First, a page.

By Dejan Kovacevic, PITTSBURGH TRIBUNE-REVIEW
Monday, October 10, 2011
Ben Roethlisberger(notes) #7 of the Pittsburgh Steelers calls out signals at the line of scrimmage against the Tennessee Titans during the game on October 9, 2011 at Heinz Field in Pittsburgh, Pennsylvania. (Photo by Jared Wickerham/Getty Images)
Through four games, I'd begun to think the Steelers' only viable option to preserve Ben Roethlisberger was to freeze him. You know, cryogenics. Store him away and save him for some other day, when he wouldn't be limping for his life on a sprained foot.
But for this one day, this 38-17 bounce-back body slam of the Tennessee Titans on a pristine Sunday at Heinz Field, a few other less creative options were unearthed.
Like, oh, blocking.
And executing plays quickly.
And having receivers work their routes correctly.
And establishing an honest-to-Franco running game.
And trying just about every reverse, play-action pass and fake punt in offensive coordinator Bruce Arians' playbook.
Funny how this works, but that sudden burst of competence helped Roethlisberger complete 24 of 34 passes for 228 yards and five touchdowns — second time in his career, one more than Terry Bradshaw — despite mobility that ranged somewhere between Kent Graham and the Mister Rogers monument. The sprained left foot had Roethlisberger limping before, during and after the game, but he held the pocket and, to borrow wide receiver Hines Ward's description, "played his tail off for us out there."
No one should dispute it or downplay it. But the hard truth is, neither the Steelers nor Roethlisberger had a choice. Someone needed to erase the stink of Houston, to avoid the amplifying doubts that would follow a 2-3 start. Someone needed to breathe life back into a franchise that surely was asking questions of itself that a lot of us had been asking for weeks.
Only one player on this roster has the singular ability to change that. Roethlisberger needed to step up, even if it was just on one foot.
"I just don't want to let my guys down," he said afterward. "I want to give them my best. I'll be there until they take me off on a cart, which has happened before. I want to put this team and this offense in the best position to win football games."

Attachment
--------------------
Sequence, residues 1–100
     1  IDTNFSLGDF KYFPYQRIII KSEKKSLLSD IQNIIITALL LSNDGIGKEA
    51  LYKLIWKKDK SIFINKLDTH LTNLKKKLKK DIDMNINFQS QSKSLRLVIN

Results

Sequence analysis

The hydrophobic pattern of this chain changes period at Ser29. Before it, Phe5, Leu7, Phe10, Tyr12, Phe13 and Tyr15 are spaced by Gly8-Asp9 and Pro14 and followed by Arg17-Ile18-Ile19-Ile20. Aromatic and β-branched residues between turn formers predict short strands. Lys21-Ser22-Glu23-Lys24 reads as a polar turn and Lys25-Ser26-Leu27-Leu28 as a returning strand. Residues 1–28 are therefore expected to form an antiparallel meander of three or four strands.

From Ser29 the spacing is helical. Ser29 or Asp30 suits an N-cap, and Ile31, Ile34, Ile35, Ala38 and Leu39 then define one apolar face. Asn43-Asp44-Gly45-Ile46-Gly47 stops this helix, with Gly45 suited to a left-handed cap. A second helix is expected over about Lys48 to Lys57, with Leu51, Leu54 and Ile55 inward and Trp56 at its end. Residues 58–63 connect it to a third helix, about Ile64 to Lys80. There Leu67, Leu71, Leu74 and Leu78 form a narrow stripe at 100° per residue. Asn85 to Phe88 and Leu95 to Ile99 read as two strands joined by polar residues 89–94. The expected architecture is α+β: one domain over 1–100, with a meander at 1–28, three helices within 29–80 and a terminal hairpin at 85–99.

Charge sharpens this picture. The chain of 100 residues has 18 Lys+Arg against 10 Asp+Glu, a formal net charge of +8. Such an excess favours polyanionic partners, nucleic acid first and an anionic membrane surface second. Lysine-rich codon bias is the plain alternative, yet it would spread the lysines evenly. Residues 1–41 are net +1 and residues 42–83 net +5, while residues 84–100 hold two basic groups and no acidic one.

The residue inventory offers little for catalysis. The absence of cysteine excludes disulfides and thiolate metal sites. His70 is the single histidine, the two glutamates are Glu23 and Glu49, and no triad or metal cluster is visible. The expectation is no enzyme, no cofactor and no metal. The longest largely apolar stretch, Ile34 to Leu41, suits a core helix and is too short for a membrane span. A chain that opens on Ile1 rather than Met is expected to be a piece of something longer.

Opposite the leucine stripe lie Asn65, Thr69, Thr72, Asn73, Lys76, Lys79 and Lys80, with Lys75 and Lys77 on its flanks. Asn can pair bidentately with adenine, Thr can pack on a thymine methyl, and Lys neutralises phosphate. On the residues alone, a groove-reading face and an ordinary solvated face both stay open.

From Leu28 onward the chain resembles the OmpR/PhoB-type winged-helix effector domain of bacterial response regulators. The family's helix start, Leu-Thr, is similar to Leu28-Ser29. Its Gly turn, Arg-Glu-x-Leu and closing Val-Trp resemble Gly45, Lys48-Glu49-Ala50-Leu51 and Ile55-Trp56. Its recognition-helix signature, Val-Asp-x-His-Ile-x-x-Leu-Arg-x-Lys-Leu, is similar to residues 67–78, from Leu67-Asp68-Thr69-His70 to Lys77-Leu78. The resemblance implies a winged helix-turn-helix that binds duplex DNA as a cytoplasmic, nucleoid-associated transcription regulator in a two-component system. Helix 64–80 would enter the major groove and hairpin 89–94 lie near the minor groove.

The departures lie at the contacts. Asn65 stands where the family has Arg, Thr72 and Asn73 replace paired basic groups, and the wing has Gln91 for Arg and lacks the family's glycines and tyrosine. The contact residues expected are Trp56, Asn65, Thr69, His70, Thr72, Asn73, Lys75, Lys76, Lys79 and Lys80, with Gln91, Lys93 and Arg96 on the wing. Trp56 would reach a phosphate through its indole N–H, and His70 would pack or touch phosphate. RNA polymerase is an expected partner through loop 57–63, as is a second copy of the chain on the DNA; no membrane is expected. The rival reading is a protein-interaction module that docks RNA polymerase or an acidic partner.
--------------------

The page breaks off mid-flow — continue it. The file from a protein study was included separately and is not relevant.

The best position, as Roethlisberger saw it, was to play without limitation.
I asked Arians if he had adjusted his playcalling in any way to compensate for the foot injury, and Arians swore that "not one thing" was changed. Earlier in the week, Arians went over play after play with his quarterback to check if he could run it, and Roethlisberger nodded with each. Before the game yesterday, recognizing a brick wall when he saw one, Arians told Roethlisberger: "Play football the way you know how. Don't change who you are just because people think you'll get sacked."
So it was that Roethlisberger shrugged off two game-opening incompletions by nailing his next four passes. The last was an 8-yard touchdown to tight end Heath Miller that pierced right between the 8 and the 3.
He was 3 of 4 on the next drive, capped by a 7-yard touchdown to Ward.
On the third drive, he handed off to Isaac Redman and Jonathan Dwyer repeatedly to get to the Tennessee 1. Once there, he and Arians turned to one of those plays that had been a concern to Arians, a rollout to the right. Roethlisberger ran across to fire a touchdown to tight end David Johnson, then slowly limped to the Steelers' sideline, which conveniently was in the same direction. He hunched over in clear agony.
"Ben said he could do it," Arians said. "You saw that he could."
Anyone still think Roethlisberger is faking or milking these things?
The man was sacked 14 times through four games, hit 21 other times, crushed from the blind side at least four times, had his right knee bent sideways by a cheap shot, and still suited up Sunday.
What more does the irrational faction of his critics want?
There was credit to go around: Redman and Dwyer battled far harder for their yards than Rashard Mendenhall had been doing. LaMarr Woodley finally showed up. Nose tackle Chris Hoke was receiving raves for his work as Casey Hampton's substitute. Troy Polamalu was ablaze. And the offensive line, led by Maurkice Pouncey back in Pro Bowl form and Max Starks back in the fold, was stunningly solid. Roethlisberger was sacked once.
Was it all real?
Let's wait and see. For this one day, linebacker Lawrence Timmons summed it up best when asked about all of the injuries: "We are the Pittsburgh Steelers. We're a tough team."
Let me take that to a different level: Ben Roethlisberger is the Pittsburgh Steelers, and he's never been tougher.